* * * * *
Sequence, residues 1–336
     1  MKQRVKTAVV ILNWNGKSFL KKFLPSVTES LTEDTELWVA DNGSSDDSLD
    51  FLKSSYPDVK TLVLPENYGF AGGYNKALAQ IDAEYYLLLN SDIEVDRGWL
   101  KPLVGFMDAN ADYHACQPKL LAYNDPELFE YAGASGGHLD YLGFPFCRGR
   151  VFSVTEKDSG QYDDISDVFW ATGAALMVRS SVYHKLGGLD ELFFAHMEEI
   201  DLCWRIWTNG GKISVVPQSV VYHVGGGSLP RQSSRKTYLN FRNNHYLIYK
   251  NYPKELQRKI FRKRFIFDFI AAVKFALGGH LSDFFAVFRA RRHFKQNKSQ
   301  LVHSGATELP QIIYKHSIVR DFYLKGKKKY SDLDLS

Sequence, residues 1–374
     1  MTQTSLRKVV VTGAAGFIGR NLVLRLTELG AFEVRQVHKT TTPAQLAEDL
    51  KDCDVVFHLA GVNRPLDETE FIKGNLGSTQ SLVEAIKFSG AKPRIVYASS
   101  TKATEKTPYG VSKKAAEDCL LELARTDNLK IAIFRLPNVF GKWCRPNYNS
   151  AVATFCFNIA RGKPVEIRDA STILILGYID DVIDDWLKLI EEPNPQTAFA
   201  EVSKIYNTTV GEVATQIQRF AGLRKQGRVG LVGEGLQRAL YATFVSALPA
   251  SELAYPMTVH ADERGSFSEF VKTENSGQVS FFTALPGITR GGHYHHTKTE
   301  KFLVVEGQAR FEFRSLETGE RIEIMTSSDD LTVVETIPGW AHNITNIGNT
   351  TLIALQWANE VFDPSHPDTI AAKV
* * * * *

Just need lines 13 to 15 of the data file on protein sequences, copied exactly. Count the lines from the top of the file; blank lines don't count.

   151  AVATFCFNIA RGKPVEIRDA STILILGYID DVIDDWLKLI EEPNPQTAFA
   201  EVSKIYNTTV GEVATQIQRF AGLRKQGRVG LVGEGLQRAL YATFVSALPA
   251  SELAYPMTVH ADERGSFSEF VKTENSGQVS FFTALPGITR GGHYHHTKTE